OP/ED: Giving Professors A Letter Grade
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The stress of midterms and finals are right around the corner and students are officially in their individual panic modes. The weight of these exams are typically the heaviest item on any syllabus, and with that in mind, this means that two tests directly impact all students’ lives.
This pressure shouldn’t be applied to just us, however.
Professors should be graded too. Our lives being solely impacted by grading should directly relate to the grades being distributed. For example, if a large portion of the students in one course get C’s, could it really be the fault of every one of the students?
The students who perform poorly get the negative result of a bad grade. They have to retake the course at their own expense, and their GPA drops. Professors have the negative result of having to fail their students which, depending on the individual, won’t exactly affect how they sleep at night. Yet students are directly impacted, and they are paying to be here. Whereas in rare cases, professors leave students devastated with little to no circumstances while getting paid to be here.
On the contrary, professors that perform excellently experience minimal reward. In my personal experience, I have never heard of my positive feedback that resulted in any benefit for the individual that went the extra mile to make sure I succeeded in a way that felt like it mattered.
There seems to be a bit of an imbalance here.
For example, I am a Media Studies major and have had the same professors for multiple classes. I was given a realistic example for how the field would treat my work. What would actually be acceptable and earn a spot as a published piece was rewarded, and what didn’t work was responded to with honesty, never cruelty.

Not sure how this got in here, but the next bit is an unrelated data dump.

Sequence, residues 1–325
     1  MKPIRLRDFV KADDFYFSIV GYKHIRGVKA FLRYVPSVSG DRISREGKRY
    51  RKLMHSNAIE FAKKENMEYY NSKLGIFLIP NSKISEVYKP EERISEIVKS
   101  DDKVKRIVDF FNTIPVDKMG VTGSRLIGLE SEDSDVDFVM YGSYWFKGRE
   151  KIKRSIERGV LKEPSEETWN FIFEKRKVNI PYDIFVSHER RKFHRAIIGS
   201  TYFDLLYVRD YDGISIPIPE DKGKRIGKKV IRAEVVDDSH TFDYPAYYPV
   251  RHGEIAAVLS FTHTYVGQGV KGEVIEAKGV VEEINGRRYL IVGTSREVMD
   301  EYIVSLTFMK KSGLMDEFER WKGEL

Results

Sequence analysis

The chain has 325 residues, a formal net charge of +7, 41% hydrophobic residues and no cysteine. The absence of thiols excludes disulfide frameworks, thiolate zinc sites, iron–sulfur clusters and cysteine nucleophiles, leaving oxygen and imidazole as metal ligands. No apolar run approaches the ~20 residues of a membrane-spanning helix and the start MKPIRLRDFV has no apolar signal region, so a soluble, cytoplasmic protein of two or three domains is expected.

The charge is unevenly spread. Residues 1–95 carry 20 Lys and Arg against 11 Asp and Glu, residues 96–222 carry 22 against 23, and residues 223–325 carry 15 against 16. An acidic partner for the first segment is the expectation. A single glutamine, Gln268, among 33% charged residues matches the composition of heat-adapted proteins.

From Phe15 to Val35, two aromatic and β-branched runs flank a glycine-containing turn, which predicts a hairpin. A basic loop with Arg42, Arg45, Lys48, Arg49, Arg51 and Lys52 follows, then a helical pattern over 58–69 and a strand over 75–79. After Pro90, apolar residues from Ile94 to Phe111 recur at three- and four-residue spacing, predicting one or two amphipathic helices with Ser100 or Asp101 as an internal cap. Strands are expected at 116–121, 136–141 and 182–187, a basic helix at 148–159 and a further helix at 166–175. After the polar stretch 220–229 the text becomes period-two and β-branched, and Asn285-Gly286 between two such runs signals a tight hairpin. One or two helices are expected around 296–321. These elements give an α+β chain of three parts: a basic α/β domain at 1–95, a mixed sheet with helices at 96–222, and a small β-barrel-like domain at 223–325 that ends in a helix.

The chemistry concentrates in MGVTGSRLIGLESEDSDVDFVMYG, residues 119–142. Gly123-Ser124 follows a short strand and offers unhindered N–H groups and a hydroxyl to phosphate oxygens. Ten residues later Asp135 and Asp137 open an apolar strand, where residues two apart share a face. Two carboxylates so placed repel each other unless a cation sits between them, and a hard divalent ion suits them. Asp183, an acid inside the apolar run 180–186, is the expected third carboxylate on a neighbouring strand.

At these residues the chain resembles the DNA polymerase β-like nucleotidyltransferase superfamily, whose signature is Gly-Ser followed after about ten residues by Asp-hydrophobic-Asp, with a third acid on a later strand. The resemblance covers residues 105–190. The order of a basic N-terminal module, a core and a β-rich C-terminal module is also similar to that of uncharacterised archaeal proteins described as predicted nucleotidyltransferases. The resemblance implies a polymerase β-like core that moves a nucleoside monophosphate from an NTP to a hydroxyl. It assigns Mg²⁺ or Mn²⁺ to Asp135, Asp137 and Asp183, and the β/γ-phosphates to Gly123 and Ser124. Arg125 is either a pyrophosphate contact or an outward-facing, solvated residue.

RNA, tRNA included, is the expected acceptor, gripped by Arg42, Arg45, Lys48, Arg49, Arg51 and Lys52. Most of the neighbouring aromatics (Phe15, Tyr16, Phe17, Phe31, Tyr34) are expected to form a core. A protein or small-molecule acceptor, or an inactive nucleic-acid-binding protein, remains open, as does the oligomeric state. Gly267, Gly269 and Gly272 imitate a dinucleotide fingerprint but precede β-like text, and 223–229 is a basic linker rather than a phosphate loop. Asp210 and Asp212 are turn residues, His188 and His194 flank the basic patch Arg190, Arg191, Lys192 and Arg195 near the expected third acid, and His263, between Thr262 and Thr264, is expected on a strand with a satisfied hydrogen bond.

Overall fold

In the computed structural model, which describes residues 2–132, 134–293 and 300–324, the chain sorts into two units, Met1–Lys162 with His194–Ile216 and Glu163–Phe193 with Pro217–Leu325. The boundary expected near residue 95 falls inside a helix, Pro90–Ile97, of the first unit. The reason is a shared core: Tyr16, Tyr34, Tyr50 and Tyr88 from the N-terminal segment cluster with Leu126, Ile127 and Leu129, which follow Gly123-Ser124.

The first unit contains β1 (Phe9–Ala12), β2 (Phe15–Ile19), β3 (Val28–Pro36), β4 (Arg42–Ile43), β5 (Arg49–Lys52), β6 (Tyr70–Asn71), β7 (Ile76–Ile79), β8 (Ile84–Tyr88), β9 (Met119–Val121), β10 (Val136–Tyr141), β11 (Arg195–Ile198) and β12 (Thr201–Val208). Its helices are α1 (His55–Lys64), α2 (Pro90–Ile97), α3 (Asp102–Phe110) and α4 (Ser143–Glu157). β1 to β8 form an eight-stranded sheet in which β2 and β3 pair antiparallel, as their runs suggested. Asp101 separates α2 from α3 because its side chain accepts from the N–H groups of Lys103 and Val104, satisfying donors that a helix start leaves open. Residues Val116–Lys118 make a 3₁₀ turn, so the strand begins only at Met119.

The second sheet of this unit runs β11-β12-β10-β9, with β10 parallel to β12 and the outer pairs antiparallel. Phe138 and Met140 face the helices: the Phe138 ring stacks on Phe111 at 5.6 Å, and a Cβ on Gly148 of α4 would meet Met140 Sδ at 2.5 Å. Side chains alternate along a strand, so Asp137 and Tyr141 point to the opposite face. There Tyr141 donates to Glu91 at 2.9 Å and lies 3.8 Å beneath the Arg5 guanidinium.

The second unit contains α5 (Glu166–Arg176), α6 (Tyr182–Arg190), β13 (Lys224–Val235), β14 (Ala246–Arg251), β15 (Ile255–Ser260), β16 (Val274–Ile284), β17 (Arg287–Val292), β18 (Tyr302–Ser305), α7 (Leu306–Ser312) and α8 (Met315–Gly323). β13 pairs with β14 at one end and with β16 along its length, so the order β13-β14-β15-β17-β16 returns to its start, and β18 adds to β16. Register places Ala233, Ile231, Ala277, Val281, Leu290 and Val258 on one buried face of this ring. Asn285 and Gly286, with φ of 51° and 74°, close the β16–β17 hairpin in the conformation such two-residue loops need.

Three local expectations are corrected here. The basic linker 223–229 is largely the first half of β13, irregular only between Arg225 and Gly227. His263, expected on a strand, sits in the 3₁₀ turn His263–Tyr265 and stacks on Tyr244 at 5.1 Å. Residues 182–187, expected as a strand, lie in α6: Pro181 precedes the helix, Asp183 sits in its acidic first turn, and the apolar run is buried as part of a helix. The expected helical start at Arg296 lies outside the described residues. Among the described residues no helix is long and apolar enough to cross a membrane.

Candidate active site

This was also true for my production courses as they were some of the first hands on examples of what the field might entail. If a shot was blatantly bad, it was worked on repeatedly until the desired result was achieved. This was done in an understanding environment, with the realization that we were here to develop a skill, not as a group who already mastered one.
They each have positive feedback from any student I have ever spoken to about them, however, I have never heard of any of the professors who the students are grateful for to ever be rewarded for their efforts. There doesn’t seem to be a temporary or permanent monetary bonus for their repeated exceptional work, and when comparing this to to the limited backlash experienced when a professor does poorly, it is easily understood that great professors are left with no incentive to work.
I have had professors that likely stole their degree from someone online with their teaching strategy. Professors who largely expect you to do everything on your own with limited guidance and a text book.
I recall I had a general education professor who gave no guidelines for how she wanted the paper written. I went to the Metropolitan Museum of Art and researched my intended section. With no guidelines, wrote my paper how I would write any other; minimal description on the piece, while expanding on the analysis of the importance it held to the time period around it.